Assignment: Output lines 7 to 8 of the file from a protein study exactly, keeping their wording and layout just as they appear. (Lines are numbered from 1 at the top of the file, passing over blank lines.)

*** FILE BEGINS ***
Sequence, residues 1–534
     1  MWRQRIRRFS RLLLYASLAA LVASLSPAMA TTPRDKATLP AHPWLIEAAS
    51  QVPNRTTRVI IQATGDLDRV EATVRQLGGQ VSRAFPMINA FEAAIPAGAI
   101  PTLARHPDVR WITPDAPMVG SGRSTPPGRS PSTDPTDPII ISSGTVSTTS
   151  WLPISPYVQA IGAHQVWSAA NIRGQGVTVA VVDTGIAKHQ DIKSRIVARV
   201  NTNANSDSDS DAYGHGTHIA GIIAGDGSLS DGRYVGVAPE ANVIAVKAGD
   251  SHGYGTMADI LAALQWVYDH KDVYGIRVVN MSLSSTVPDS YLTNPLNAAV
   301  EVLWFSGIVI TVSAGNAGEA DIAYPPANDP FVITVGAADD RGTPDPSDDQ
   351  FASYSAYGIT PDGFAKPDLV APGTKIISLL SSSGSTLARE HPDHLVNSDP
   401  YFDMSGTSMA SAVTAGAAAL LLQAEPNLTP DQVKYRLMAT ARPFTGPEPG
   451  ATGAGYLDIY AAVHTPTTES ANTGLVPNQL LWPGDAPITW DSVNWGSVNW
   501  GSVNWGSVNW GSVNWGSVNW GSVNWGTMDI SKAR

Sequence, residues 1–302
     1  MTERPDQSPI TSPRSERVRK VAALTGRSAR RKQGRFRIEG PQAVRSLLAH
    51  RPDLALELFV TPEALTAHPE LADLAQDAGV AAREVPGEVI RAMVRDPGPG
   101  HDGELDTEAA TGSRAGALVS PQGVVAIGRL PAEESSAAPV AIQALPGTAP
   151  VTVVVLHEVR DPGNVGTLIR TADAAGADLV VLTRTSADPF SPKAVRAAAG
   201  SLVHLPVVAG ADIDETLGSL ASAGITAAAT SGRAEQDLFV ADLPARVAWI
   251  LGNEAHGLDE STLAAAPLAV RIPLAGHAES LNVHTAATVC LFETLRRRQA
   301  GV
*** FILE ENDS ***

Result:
   251  SHGYGTMADI LAALQWVYDH KDVYGIRVVN MSLSSTVPDS YLTNPLNAAV
   301  EVLWFSGIVI TVSAGNAGEA DIAYPPANDP FVITVGAADD RGTPDPSDDQ